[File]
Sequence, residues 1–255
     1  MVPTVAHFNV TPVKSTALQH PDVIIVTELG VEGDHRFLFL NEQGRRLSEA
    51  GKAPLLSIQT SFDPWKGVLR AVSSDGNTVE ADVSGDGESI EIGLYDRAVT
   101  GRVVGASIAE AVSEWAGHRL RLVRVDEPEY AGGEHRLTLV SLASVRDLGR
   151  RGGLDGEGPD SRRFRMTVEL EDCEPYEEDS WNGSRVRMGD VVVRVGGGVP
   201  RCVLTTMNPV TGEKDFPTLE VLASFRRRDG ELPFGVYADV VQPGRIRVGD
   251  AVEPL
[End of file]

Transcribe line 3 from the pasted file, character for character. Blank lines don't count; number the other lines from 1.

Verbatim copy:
    51  GKAPLLSIQT SFDPWKGVLR AVSSDGNTVE ADVSGDGESI EIGLYDRAVT